In their experiment, Besedes, Deck, Sarangi, and Shor (2015) built upon the concept of assortment and created a strategy called the sequential tournament to help choosers in decision-making. More specifically, the researchers proposed to chunk all the choices into smaller assortment then having the participants choose the best one out of each subgroup. In the end, participants need to gather all the previous choices together and make an ultimate decision. The sequential tournament is an effective and efficient strategy in many ways. With the format of breaking all the options down into a series of choices with fewer numbers at each time, assortment changes the perception of smaller choice sets without changing the actual number of choices available (Besedes et al., 2015). With a smaller number of choices each time, decision-makers are more likely to go over more choices while bear less cognitive strain than those who have no or less assortment (Besedes et al., 2015). Moreover, it avoids the effects of the status quo bias, in which people tend to maintain the same decision rather than changing them (Eysenck & Keane, 2020). With status quo bias, decision-makers are less likely to make optimal decisions by avoiding or paying less attention to the remaining options. However, the tournament-style selection process implicitly stimulates choosers to make a selection in each subgroup. Most importantly, participants reported that they experienced a higher satisfaction rate than those who had simultaneous choices (Read & Loewenstein, 1995).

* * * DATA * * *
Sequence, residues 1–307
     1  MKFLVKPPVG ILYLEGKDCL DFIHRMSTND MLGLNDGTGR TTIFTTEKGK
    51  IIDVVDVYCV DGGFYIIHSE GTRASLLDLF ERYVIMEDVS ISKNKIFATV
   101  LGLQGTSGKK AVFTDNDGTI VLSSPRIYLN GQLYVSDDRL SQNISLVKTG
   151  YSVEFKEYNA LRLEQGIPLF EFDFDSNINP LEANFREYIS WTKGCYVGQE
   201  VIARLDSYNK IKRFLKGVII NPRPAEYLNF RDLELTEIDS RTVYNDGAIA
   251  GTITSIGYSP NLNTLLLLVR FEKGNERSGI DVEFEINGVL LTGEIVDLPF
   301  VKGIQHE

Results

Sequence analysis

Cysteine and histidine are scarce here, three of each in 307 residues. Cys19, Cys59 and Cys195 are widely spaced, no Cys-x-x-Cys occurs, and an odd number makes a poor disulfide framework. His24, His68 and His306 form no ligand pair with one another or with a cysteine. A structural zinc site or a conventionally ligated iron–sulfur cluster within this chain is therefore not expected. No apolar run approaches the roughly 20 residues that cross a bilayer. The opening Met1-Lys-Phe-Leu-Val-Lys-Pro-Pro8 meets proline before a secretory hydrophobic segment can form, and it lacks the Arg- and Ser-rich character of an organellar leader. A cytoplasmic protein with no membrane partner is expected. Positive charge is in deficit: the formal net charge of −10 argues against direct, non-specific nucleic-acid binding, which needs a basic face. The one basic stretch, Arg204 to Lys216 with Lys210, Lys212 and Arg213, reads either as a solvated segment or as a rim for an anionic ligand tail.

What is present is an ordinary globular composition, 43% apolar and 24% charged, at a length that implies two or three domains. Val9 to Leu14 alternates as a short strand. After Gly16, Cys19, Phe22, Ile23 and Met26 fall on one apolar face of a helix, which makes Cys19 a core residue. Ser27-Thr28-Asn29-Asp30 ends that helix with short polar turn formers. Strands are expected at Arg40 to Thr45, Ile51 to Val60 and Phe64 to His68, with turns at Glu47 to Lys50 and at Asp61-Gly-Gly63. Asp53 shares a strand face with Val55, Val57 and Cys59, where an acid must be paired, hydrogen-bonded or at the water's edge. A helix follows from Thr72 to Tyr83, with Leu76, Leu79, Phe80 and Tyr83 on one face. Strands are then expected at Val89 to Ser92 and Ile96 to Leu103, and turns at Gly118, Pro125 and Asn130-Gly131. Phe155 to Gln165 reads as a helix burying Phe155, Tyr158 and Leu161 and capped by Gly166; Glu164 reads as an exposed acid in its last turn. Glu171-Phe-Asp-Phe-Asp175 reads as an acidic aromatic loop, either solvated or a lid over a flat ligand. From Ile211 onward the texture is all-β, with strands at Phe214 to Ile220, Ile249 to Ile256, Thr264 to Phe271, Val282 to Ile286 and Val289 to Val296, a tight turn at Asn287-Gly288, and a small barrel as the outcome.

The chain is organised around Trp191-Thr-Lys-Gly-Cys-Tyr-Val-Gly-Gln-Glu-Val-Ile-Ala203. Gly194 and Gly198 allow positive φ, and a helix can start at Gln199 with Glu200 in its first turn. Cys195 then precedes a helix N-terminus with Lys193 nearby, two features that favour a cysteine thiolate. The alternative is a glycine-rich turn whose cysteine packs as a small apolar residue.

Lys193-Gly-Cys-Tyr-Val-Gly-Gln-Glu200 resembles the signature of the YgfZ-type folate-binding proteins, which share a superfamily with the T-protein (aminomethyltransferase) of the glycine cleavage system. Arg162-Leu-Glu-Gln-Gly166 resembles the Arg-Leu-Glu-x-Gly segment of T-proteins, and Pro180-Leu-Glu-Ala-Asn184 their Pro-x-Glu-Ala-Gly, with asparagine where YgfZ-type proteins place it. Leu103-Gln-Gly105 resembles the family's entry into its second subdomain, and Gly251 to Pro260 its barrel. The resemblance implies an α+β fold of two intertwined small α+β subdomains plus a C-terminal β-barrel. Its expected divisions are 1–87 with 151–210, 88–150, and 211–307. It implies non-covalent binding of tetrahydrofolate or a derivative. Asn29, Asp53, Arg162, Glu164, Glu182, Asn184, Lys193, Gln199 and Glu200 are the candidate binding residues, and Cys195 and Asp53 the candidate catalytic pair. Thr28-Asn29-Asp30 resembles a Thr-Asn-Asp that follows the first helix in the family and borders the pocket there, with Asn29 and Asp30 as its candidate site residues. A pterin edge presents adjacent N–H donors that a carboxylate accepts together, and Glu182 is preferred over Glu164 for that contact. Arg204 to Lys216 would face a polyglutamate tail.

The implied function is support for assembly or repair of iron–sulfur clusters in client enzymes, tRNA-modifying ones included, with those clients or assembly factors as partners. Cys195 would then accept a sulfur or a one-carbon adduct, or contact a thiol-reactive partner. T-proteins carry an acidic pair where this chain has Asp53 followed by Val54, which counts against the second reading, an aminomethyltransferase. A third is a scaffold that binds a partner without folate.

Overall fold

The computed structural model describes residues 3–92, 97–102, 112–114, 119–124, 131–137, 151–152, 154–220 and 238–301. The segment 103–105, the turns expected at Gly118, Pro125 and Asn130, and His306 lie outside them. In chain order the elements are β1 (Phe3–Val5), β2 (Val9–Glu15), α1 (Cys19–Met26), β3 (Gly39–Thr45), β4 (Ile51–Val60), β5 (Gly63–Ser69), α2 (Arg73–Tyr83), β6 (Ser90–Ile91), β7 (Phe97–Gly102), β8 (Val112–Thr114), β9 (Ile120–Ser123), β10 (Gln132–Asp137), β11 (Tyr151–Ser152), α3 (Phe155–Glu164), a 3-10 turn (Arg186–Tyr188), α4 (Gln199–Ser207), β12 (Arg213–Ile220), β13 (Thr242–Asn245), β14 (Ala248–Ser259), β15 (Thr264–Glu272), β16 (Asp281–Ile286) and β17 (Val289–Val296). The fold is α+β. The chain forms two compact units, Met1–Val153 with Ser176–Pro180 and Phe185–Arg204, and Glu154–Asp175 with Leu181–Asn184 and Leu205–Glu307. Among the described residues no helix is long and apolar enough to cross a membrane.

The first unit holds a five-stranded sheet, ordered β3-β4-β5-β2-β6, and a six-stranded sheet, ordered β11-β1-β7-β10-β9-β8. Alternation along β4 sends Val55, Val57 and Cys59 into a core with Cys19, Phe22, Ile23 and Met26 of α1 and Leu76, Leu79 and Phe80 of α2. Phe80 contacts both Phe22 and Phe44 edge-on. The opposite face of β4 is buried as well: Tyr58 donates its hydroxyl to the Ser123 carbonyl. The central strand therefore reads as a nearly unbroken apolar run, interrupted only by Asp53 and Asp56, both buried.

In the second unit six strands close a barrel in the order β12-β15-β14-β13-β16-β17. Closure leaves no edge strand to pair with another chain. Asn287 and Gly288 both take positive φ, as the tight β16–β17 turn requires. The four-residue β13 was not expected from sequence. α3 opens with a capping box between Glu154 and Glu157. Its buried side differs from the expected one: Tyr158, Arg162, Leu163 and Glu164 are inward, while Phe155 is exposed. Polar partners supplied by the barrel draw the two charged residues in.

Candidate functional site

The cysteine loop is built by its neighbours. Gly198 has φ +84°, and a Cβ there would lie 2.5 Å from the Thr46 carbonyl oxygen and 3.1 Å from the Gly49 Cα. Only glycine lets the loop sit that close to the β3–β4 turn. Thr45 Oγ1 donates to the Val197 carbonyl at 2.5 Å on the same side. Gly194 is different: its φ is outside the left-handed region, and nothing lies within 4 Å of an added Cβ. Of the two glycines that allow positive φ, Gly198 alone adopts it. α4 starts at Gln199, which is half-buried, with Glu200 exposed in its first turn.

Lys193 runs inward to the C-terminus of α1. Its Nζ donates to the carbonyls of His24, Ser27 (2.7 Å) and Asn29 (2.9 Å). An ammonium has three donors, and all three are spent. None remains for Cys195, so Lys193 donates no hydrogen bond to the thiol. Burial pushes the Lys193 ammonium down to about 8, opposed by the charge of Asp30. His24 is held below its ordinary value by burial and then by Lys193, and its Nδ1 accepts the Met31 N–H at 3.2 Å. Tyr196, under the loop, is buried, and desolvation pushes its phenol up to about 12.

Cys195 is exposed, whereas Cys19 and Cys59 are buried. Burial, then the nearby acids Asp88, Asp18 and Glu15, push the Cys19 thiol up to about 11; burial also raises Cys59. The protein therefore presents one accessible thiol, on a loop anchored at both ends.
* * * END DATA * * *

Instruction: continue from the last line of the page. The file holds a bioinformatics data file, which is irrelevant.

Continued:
On the other hand, categorization can imply the attributes of the items grouped under the corresponding category (Alba, Hutchinson, and Lynch 1991; Bettman 1979; Howard and Sheth 1969; Huber and Kline 1991; Johnson and Payne 1985; Nedungadi 1990; Roberts and Lattin 1991, as cited in Mogilner, et al., 2008) that allows an easier searching process. Categorization is not only a cognitive process that aids the choosers in locating their desired products in a faster and easier way, but also is a perceptual process in which customers can infer the difference between this particular item from the other ones in a different category (Mogilner et al., 2008). It is shown that choosers are relatively more willing to choose options under different categories due to the fact that the difference is prominent. Whereas choosing from homogenous options makes the tradeoff between the options unclear and adds more sense of uncertainty (Festinger 1964; Tversky and Shafir 1992, Mogilner, et al., 2008). Therefore, the absence of categorization can result in a decreased sense of self-determination and lower satisfaction the choosers perceive, which reduces choosers’ enjoyment from the outcome (Deci & Ryan 1985; Ryan & Deci 2000, as cited in Mogilner, et al., 2008). The researchers also concluded that even when the labels do not provide any information regarding the category, categorization can still positively influence the satisfaction of the decision-makers, especially when they are unfamiliar with the choice domain (Mogilner, et al., 2008). With so many benefits, categorization is one of the most effective and common ways of reducing choice overload and providing a better browsing experience.